Ganpati Bappa Morya!
There are still a few more hours to go for Ganesh Chaturthi and the President of India has already conveyed his wishes to his citizens. Twitter and Facebook are flooded with Ganesh Chaturthi tweets and posts.
So, what is it about this festival that has spread its fever across the Indian Hindus and does so every year?
Let’s find out…
Ganesh Chaturthi, also known as Vinayak Chaturthi is celebrated in honour of Lord Ganesha, the “elephant headed” on his birthday. Lord Ganesha is known to bring good fortune, wealth and prosperity and every auspicious function is started by evoking his blessings called Shubh Aarambh. This auspicious festival is celebrated in the Hindu month of Bhadra (mid August-mid September) all across the globe, and the grandest celebrations take place in Maharashtra. The festival is celebrated for 10-12 days, the last day being the Anant Chaturdashi. This year, Anant Chaturdashi will be observed on 9th September.
The History behind the festival
The oft-told story that we’ve been hearing from our parents and grandparents dates back to the time of Lord Shiva and Goddess Parvati. In order to guard her bathroom door while she bathed in the absence of Lord Shiva, Parvati created Ganesha from her sandalwood paste. On Shivji’s arrival and Ganesha persistence on not allowing him to go made Lord Shiva enraged who beheaded Lord Ganesha. As per Goddess Parvati’s orders, her followers went in search for a child’s head but all they could find was an elephant head and that’s how Lord Ganesha, the manifestation of an Elephant Headed Lord took birth.
The work for the skilled artisans begins months before the festival arrives. Various artistic clay models of Lord Ganesha in different poses are made, the sizes varying from 3/4th inch to around 70 feet.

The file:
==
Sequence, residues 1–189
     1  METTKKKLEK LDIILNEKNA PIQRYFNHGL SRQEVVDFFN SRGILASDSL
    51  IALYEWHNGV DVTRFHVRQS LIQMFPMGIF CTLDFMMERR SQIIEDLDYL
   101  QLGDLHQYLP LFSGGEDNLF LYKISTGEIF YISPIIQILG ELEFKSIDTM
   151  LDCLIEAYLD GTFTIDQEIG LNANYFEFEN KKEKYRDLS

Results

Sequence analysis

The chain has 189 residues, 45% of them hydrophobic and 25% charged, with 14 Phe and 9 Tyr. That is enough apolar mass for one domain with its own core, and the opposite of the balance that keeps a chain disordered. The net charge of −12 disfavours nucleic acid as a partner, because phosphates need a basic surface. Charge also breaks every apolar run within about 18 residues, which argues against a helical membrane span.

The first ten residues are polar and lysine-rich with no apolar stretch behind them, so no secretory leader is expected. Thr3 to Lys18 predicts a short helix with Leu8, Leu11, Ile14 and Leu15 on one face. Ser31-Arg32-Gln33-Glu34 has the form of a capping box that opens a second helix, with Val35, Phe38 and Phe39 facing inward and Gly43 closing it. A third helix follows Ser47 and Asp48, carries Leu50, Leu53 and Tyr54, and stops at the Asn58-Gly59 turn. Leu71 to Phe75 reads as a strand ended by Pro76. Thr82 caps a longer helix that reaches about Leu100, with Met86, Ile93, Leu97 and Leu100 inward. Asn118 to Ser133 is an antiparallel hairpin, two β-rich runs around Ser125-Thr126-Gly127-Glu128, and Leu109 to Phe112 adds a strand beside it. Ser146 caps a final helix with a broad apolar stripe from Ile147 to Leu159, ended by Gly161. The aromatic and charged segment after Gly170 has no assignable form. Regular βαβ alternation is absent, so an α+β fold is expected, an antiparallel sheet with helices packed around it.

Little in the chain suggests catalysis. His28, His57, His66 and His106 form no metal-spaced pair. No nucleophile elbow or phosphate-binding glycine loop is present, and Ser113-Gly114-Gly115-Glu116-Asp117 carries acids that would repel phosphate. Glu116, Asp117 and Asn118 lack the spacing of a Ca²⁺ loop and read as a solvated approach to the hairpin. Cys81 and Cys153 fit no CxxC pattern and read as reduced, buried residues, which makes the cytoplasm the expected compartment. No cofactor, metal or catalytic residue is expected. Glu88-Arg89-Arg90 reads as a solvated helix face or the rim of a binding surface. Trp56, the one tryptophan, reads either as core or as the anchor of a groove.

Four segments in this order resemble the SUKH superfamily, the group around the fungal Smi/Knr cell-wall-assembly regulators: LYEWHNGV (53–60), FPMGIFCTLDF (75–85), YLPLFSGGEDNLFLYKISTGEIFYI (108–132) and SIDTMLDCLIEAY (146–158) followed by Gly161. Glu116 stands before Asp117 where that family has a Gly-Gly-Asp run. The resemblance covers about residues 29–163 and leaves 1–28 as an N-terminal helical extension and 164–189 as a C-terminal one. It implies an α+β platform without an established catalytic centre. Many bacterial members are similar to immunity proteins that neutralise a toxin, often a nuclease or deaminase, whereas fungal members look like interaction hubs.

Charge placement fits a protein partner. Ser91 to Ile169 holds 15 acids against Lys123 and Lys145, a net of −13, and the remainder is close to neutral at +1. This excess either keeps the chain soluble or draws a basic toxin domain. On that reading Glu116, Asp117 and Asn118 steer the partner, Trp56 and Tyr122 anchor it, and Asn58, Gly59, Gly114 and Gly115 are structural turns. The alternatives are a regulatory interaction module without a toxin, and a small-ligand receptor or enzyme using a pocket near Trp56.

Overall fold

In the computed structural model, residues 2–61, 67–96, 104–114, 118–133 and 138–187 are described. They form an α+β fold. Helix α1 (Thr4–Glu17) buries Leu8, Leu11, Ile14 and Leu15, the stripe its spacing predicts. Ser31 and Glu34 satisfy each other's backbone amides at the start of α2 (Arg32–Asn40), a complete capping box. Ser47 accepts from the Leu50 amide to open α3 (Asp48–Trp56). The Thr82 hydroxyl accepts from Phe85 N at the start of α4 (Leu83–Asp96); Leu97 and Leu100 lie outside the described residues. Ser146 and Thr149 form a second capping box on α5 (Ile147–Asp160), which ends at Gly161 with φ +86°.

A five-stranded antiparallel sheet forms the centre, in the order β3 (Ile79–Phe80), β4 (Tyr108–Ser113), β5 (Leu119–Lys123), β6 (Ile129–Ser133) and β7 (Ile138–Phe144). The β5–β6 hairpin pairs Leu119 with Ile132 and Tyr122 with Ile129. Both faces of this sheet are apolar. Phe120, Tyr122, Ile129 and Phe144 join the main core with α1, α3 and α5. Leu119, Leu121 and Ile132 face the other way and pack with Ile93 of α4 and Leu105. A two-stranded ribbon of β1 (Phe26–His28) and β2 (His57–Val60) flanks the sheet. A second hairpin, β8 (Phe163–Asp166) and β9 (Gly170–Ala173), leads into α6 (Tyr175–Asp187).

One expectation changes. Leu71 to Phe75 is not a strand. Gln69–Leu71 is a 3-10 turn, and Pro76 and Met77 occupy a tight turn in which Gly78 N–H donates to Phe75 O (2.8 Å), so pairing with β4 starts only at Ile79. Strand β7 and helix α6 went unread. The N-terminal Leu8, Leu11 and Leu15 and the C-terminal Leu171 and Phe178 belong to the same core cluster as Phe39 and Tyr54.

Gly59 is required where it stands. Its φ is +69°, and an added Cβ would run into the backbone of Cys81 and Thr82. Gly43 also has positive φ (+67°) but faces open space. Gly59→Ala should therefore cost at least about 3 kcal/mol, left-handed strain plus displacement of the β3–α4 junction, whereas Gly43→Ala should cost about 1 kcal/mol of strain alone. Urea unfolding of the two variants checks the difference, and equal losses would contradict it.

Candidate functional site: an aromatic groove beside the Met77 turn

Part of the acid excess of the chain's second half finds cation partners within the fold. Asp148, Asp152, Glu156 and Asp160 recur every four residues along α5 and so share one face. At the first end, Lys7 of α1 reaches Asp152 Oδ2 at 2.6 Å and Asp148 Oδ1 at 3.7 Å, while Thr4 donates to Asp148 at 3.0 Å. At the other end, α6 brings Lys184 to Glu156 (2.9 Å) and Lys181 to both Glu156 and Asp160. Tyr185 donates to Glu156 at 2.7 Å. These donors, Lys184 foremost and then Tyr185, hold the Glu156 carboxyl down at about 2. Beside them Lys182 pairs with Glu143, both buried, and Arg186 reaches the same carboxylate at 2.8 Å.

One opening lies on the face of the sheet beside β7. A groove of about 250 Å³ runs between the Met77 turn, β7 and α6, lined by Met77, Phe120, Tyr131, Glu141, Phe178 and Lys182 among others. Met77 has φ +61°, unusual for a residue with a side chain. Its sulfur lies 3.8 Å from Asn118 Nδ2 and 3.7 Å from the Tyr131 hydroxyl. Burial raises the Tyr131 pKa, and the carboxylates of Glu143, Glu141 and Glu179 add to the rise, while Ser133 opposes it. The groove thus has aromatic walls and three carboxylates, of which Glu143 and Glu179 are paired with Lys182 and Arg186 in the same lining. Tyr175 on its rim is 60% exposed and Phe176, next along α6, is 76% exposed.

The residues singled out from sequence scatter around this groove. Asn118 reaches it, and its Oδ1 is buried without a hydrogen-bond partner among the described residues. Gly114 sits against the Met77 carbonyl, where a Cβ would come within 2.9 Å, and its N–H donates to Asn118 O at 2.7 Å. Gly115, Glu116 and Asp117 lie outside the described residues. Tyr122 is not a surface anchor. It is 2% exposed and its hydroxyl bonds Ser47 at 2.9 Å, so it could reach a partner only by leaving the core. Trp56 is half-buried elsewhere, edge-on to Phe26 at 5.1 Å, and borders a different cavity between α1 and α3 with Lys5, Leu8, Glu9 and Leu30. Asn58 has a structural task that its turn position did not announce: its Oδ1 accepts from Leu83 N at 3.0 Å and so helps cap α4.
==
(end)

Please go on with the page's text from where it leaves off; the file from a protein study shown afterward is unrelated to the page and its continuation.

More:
Specially erected temporary structures called Mandapas or Pandals are built and the beautiful statues are installed on them in homes, localities and temples, on the first day of the Ganesh Chaturthi celebrations. In order to invoke life of Lord into the idol, the temple priest clad in red silk dhoti performs the rituals of chanting mantras called the “Pranapratishhtha“. After this, prayes are offered to the Lord in 16 different ways called the Shhodashopachara. The statue is smeared with crimson and sandal paste and various offerings of coconut, jaggery, modaks, durva blades of grass and red flowers is made. Throughout the ceremony, Vedic hymns from the Rig Veda, the Ganapati Atharvashirsa, Upanishad, and the Ganesha stotra from the Narada Purana are chanted.
For 10 days, Ganesha is worshipped and on the 11th day, the idols are taken through the streets in a procession accompanied with dancing, singing, to be immersed in a river or the sea symbolizing a ritual see-off of the Lord in his journey towards his abode in Kailash while taking away with him the misfortunes of all men. “Ganapathi Bappa Morya, Purchya Varshi Laukariya” (O father Ganesha, come again early next year) is the phrase chanted by everyone. After the final offering of coconuts, flowers and camphor is made, people carry the idol to the river to immerse it.
Ganapathi Bappa Morya, Purchya Varshi Laukariya!!!